Can You Get an Early Military Discharge for Pregnancy?

Pregnancy Discharges Depend on Different Circumstances

Pregnant soldier
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In the past, female members of the U.S. Armed Forces who became pregnant could request a discharge and get it automatically. But in the 21st-century military, where women play a larger role than ever before, the rules surrounding discharge for pregnancy have changed. 

The rules can be a little confusing, but basically, pregnancy alone doesn't qualify an enlisted woman for automatic discharge any longer.

The specific rules about when a woman can request leave and for how long will vary depending on the branch of service she's in and her specific medical circumstances. 

Here are a few of the details about how the different branches may handle pregnancy separation issues. If you are unsure, it's best to talk to your commanding officer about the specifics around your situation. It's probably also in your best interest to inform your superiors as soon as you become aware that you're pregnant (and have had it confirmed by a medical professional). That way you have time to plan your course of action and make sure the information you're getting is accurate.

Army and Navy Pregnancy Regulations

In the Army, a woman who becomes pregnant after enlistment but before she begins initial active duty will not be involuntarily discharged due to pregnancy. She can't enter active duty until her pregnancy is over (either through birth or termination).


In the Navy, most separation requests due to pregnancy are denied, unless it would be in the best interest of the Navy, or, the servicewoman demonstrates a compelling personal need. No pregnant servicewoman can remain aboard a ship past the 20th week of pregnancy.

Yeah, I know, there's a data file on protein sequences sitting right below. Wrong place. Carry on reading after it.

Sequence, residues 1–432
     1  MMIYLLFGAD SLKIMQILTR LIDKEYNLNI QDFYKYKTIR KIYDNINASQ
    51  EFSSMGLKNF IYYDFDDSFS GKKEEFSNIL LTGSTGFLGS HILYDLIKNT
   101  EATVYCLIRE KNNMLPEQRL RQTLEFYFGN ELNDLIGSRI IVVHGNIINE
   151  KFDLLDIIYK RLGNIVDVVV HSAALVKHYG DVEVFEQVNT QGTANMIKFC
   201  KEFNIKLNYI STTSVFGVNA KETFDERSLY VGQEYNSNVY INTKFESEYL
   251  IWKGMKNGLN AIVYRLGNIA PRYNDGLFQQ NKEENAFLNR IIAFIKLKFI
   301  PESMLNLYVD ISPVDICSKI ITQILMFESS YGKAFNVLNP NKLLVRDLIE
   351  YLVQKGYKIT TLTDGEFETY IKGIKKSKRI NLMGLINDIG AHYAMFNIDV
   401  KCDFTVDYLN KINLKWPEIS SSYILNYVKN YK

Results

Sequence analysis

Pregnant servicewomen may remain onboard up to the 20th week of pregnancy while the ship is in port.

 Members discovered to be pregnant while deployed should be transferred ashore as soon as possible, under Navy rules. 

Types of Discharge for Pregnancy

Single parents and military spouses with children can be discharged if they fail to implement and maintain a family care plan, which is one of the terms of remaining in the military after having a baby. Basically, the pregnant servicewoman has to demonstrate that once she has the baby she will be able to fulfill her obligation to the military and provide care for her child. 

If the commanding officer is convinced that the member has done everything within his/her power to maintain a proper dependent care plan, the discharge characterization will normally be honorable. Otherwise, it would likely be general.

This brings us an important point: if you do receive a discharge due to pregnancy (assuming there are some extenuating circumstances), the type of discharge you receive can affect which benefits you are entitled to. It will also affect your veteran status, and have an impact on any veterans' benefits you may be able to receive. Read more about separations and discharges from the military

All branches of the U.S. military are required to offer a minimum of 12 weeks of maternity leave to pregnant members, per Department of Defense order.

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